One of the more bizarre aspects of this whole controversy has been the line taken by some of the bigots that people should be required to use the restroom that corresponds with whatever was put on their original birth certificate. The stupid, it burns. Just how do they plan to enforce that little gem? Are they going to start asking women who look like Caitlyn Jenner to whip out the paperwork to prove the word "female" was typed on their birth certificates? Or are they going to simply harass the ladies who don't match up quite as nicely as Caitlyn does with American standards of femininity? Ditto the mens' rooms -- how will these men who are so eager to make women prove they're women feel if they succeed and then they get asked to show their paperwork? Except, of course, that's never occurred to them: the whole focus has been on preventing perverts from entering a ladies' room.

Which leads me to another question: just why do so many people have such an astoundingly low opinion of men? Judging by the hysteria over some of the stuff men are imagined to be waiting with bated breath for the opportunity to do, apparently most men are low life perverted swine that can't be trusted around anyone, let alone women and small children. They're incapable of restraining themselves from indulging in all sorts of depraved acts.

Then again, "projection" is a fairly well known phenomenon in psychology. I can't help but wonder if the reason some of these people are foaming about hypothetical perverted situations is that they spend so much time fantasizing about accosting little kids in public restrooms that they assume everyone else is as sick as they are.  

Monday, November 2, 2015

Homeward bound

The Guppy leaving Loop 2
Our month at Montauk is now behind us, we're in Farmington for a few days, and then we'll be heading North. At this point, we seem to be lucking out with the weather. The latest forecasts show mild temperatures in the Upper Peninsula through next Wednesday so we may not have to plow snow in order to get the Guppy parked in its winter location near the barn. Last year we got home just as snow started falling, managed to get the Guppy positioned, and then got hit with a storm that dumped about 18 inches of snow in a little over 24 hours. Timing is everything. . .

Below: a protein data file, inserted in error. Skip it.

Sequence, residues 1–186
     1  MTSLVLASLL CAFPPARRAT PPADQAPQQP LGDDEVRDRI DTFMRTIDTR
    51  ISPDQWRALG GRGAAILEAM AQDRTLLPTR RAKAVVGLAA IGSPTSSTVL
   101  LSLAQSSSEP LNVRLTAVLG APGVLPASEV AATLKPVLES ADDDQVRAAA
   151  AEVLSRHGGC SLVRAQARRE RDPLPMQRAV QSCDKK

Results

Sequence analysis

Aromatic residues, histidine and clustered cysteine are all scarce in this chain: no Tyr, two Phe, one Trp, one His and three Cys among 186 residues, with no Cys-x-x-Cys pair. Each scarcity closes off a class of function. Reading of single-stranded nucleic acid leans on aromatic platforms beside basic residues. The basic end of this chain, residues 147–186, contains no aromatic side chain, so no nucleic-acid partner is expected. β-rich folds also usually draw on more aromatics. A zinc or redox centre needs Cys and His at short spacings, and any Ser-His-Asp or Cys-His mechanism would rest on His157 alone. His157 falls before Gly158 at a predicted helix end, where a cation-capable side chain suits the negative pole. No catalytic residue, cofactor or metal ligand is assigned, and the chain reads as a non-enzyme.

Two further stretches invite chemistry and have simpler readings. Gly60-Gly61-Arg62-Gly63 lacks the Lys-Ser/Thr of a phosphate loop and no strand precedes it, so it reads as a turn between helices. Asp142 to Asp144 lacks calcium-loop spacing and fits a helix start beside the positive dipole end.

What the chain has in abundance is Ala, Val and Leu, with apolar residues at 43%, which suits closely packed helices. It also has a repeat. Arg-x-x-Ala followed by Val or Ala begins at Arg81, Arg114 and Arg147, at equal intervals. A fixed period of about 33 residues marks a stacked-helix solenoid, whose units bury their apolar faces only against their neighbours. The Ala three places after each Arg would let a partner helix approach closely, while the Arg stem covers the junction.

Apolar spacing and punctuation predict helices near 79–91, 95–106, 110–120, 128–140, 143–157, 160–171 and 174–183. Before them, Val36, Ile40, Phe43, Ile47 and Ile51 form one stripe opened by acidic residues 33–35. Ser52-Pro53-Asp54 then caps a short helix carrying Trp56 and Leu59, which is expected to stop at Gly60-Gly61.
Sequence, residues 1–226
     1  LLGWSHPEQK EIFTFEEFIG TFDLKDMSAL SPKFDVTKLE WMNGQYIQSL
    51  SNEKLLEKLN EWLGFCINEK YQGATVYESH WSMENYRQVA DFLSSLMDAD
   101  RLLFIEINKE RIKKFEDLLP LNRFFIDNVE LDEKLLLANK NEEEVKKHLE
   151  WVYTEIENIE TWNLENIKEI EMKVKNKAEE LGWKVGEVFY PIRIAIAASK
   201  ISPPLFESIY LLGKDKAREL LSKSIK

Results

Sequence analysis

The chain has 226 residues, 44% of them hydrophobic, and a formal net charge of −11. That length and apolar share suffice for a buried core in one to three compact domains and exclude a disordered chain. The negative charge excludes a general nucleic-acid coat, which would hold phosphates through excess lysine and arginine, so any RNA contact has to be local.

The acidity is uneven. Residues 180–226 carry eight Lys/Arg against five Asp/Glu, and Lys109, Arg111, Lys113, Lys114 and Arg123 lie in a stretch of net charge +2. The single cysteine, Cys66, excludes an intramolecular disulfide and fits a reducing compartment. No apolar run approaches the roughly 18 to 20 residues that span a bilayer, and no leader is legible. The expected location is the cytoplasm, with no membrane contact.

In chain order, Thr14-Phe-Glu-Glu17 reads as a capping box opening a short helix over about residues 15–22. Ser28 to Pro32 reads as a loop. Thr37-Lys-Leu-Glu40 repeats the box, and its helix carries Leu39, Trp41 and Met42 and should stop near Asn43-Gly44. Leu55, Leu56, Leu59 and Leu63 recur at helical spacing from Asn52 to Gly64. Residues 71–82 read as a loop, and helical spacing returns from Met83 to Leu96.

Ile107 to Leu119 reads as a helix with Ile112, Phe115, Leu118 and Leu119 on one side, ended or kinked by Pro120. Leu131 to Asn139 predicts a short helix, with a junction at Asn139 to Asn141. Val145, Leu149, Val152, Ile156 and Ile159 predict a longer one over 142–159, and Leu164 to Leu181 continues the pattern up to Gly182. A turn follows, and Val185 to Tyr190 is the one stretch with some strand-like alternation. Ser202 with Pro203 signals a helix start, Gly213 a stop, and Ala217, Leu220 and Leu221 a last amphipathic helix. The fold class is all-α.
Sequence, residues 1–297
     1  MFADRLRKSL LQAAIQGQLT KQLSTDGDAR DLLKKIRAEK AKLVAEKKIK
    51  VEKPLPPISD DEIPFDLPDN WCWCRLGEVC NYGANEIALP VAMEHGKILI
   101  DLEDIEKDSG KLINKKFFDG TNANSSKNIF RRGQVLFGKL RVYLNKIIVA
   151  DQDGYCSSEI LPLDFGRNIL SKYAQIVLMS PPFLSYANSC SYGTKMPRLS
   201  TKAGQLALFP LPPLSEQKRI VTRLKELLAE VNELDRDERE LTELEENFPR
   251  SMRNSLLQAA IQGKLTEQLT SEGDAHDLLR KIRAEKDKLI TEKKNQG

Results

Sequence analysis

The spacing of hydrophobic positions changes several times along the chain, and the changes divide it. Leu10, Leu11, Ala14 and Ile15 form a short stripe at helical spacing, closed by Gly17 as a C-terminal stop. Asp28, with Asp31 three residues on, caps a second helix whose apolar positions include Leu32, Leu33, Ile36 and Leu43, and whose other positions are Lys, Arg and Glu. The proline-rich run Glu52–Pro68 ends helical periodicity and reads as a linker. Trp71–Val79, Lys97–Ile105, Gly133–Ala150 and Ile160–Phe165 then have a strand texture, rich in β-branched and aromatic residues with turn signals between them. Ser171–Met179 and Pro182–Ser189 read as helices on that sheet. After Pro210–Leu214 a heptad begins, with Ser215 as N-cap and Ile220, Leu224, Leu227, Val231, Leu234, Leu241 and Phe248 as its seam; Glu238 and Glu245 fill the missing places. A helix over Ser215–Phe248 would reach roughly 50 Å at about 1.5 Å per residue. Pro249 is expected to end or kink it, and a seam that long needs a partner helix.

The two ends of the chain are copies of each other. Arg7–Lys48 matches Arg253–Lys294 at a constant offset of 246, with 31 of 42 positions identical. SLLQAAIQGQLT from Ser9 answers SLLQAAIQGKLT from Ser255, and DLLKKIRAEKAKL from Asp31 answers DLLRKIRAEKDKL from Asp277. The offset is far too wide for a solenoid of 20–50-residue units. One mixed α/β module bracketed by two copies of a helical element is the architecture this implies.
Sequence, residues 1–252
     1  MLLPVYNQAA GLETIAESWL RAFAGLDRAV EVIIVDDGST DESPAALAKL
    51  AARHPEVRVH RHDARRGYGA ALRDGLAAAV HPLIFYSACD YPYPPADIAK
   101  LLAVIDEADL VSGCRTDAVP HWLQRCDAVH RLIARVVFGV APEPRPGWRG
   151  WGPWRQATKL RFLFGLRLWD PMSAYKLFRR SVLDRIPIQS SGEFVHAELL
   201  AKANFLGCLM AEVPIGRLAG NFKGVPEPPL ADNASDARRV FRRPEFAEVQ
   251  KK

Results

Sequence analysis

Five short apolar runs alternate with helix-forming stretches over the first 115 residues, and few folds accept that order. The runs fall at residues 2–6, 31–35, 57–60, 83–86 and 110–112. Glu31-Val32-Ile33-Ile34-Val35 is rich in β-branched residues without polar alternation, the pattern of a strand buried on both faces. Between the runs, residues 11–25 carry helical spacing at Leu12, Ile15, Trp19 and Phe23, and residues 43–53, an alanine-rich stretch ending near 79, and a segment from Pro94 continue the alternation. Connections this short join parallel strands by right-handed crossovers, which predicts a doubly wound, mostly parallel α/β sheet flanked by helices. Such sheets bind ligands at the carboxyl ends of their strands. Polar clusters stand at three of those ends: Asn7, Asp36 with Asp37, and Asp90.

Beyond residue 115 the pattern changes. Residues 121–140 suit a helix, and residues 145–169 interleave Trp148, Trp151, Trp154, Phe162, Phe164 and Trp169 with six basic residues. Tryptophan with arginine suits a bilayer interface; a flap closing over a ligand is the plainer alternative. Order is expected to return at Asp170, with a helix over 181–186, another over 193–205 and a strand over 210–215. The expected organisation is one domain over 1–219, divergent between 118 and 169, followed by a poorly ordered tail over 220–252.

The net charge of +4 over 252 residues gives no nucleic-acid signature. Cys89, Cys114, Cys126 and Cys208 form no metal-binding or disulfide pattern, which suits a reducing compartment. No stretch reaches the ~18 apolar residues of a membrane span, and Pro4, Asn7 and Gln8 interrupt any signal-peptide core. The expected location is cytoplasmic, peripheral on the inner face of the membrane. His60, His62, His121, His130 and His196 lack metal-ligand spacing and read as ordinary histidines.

We did decide that we like Montauk enough that we're going to apply to come back in 2016. I may whine about idiot campers knocking on the Guppy's door at odd hours, but they're actually a pretty minor nuisance. We do like being at the park in October so will ask for that month again. We are not, however, going to request March. We've figured out that the Guppy is too uncomfortable in truly cold weather. RVs are notorious for condensation problems, and the Guppy is no exception. Between the lack of insulation in the walls and the condensation building up on every glass and metallic surface, when the temperatures outside dip below freezing life in the Guppy becomes unpleasant. Then when you add in the nuisance of having to haul water in a bucket for a couple weeks because we knew the water hose and filter would freeze if we connected them, Montauk in March is not something we want to repeat. So we may shoot for April -- although I'm sure there's a lot more competition for April (spring flowers blooming, warmer temps in general) than there would ever be for March.

Campers in Loop 1
We are going to make one change in our application. We're going to ask for the Loop 3 host site. Host 3 is the relief host -- they cover the other loops when those hosts are off duty so they get to see the whole campground. The way the rotation works, if there are 3 hosts, Host 2 covers Loops 1 and 2 and only 1 and 2; Host 3 does their own Loop and Loops 1 and 2 when Host 2 is off duty or their own Loop and Loop 4 when Host 4 is off. Host 4 covers Loop 4 and when Host 3 is off they also cover Loop 3. So Host 3 probably has the best overall sense of what's happening in the campground; they get to see all 4 loops on a regular basis. If there are only 2 hosts, then each host has two loops all the time and covers the entire campground when the other host is off duty. 

Once again, I'll include some second and third choices on the application form. One of the attractions of campground hosting is seeing different places. I'll probably put Johnson's Shut Ins as a second choice again and maybe someplace we haven't seen at all, like Pomme de Terre, as a third. Maybe. I keep hearing Pomme de Terre is a nice quiet park with an under-utilized campground. Nice and quiet sounds good when you're sitting in a park that's at 100% occupancy, but that 100% occupancy also means you're rarely bored.You get to see stuff like the interesting tents, the retro campers, and general weirdness (hammocks dangling 20 feet up in the air, systems of ropes to hold up rain flies that are sufficiently complex that it looks like they're trying to install a zip line), not to mention dealing with the guys who want to build campfires big enough to serve as Hindu funeral pyres and then getting to pick semi-melted beer bottles out of fire rings when those guys leave.